Starting a new school after the long summer holidays can be a stressful time and cause varying degrees of anxiety for kids. Whether starting a new school because of relocation or the natural progression from primary to secondary school, or secondary school to further education, the worry can build up before they’re due to start.
In normal conditions this can be a concern for parents, but even more so right now. Children are already having to cope with the impact Coronavirus has had on their education and school experience but there may be even more far reaching consequences for kids due to start at a new school in the next school year. Lockdown restrictions have meant that the usual support available to prepare children for the next school year, or leaving school, has not been available to the extent we’re used to. Here’s some useful information on transitions from Mentally Healthy Schools
Top common worries kids have about starting a new school
losing old friends
discipline and detentions
Tips for preparing kids for a new school
Search around your school’s website to see if you can find a map of the school. You may find some useful information in the prospectus section on the website. Depending on circumstances your child’s new school may or may not be offering some form of school tour ahead of their first day. Make sure you keep an eye on all communications from your child’s current school and/or new school so you don’t miss out on this. It would also help to plan the journey in advance. If they’re walking or cycling to school, or if they need to take a bus, do a dry run with them (at the time they would need to be there) a couple of times before so they’ll know what they’re doing and how long it’s going to take them.
Losing old friends
Encourage your child to set up a communication group with their old friends so they can keep in touch. Some friends may be joining their new school whilst others may be off to other schools. Regardless of this they won’t be seeing as much of each other as they’re used to. If they set up a (closed) group on whatsapp, or messenger or something similar this will help them to support one another as they make the transition. They can even arrange to meet up out of school to keep in touch.
Discipline and detentions
It’s true that secondary school ramps up the rules from primary school. As kids grow up, they’re expected to take more responsibility for their behaviour and actions and secondary schools usually implement defined, codified rules and consequences. Once children are fully aware of these it’s unlikely to cause any issues but it can help to be informed before the new term starts. Take a look on your school’s website for codes of conduct, behaviour and policies. Have a chat with your child about these guidelines to make sure they understand the rules and consequences. This should prepare them well and put them at ease before they start.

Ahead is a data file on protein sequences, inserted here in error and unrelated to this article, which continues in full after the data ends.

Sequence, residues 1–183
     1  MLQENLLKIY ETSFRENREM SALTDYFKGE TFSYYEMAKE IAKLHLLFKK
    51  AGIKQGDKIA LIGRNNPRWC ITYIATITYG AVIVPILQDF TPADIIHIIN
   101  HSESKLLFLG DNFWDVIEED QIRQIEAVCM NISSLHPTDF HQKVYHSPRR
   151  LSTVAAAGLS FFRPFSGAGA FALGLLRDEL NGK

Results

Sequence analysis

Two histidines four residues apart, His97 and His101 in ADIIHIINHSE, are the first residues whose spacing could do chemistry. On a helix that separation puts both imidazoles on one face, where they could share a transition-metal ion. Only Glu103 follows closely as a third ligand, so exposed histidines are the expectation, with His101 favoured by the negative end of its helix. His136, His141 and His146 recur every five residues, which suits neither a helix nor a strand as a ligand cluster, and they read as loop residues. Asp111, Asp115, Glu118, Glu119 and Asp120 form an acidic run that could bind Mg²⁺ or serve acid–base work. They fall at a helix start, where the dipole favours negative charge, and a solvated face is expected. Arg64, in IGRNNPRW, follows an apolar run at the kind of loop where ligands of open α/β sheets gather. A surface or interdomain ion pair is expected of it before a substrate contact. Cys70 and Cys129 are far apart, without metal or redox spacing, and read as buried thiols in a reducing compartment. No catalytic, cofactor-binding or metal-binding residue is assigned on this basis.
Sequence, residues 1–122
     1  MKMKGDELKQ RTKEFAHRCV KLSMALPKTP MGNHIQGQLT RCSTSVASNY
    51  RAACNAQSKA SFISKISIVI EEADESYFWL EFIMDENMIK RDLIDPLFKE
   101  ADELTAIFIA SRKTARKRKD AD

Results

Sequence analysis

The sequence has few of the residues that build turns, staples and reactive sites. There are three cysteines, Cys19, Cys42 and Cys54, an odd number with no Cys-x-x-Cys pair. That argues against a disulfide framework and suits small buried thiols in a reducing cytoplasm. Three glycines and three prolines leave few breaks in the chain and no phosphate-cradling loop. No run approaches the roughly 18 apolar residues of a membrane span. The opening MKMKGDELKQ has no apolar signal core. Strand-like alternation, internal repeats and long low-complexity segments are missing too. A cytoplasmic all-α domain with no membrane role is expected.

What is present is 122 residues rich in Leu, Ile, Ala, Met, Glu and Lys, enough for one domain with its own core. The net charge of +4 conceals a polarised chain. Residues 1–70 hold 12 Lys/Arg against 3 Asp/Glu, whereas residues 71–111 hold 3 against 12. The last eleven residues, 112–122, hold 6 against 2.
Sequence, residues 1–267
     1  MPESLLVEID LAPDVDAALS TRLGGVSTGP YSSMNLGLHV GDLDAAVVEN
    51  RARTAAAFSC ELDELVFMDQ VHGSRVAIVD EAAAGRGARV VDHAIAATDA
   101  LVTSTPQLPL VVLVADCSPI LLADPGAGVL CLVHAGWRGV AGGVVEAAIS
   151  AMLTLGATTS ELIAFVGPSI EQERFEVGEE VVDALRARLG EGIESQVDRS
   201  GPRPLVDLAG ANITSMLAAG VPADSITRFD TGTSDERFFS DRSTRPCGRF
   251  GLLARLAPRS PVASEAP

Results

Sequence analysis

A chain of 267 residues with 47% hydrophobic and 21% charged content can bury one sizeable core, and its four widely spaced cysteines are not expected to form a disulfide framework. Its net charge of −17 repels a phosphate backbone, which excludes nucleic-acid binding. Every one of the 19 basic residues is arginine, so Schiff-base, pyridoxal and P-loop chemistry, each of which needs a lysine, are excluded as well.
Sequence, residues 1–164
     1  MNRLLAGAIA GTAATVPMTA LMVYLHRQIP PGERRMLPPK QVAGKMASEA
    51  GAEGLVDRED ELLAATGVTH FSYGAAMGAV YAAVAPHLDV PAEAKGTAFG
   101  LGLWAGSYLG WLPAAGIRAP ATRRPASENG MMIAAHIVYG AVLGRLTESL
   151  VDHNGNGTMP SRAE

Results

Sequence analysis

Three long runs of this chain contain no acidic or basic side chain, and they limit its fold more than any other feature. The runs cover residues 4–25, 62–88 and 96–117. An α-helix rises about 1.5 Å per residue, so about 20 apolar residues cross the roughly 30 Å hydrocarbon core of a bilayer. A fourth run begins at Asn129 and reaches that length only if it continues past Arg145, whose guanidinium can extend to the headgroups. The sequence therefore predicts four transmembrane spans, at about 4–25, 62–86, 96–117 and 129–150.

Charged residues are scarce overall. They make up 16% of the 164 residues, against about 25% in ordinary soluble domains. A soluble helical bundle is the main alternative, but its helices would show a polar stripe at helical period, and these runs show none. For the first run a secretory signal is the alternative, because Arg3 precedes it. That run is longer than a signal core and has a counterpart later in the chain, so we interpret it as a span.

It’s more usual now that primary schools give kids homework on a weekly basis, however this can vary between schools. Some children will be used to set weekly tasks based on key subjects such as English and Maths whereas others may be more long term project led tasks. Check your school’s website to have an understanding of what will be expected when they join.
This can be a concern for both children and parents and carers. A bigger school can mean a greater chance of dominant groups of children and group and individual hierarchies. There’s likely to be a section on the school’s website about their anti-bullying policies to give you and your child an understanding of how this tackled and what they can do if they do experience any form of bullying at school. It’s also a great idea to have a frank chat with your child about these issues and discuss what constitutes bullying behaviour. There’ s a difference between the expected disagreements between children and something more significant which needs attention. For useful information take a look at Bullying UK’s article on Bullying at School.
More tips on settling in to a new school
Join a school club to meet new friends
Introduce new and old friends
Get involved and give things a try
Try to be approachable, speak to new people even if you don’t feel confident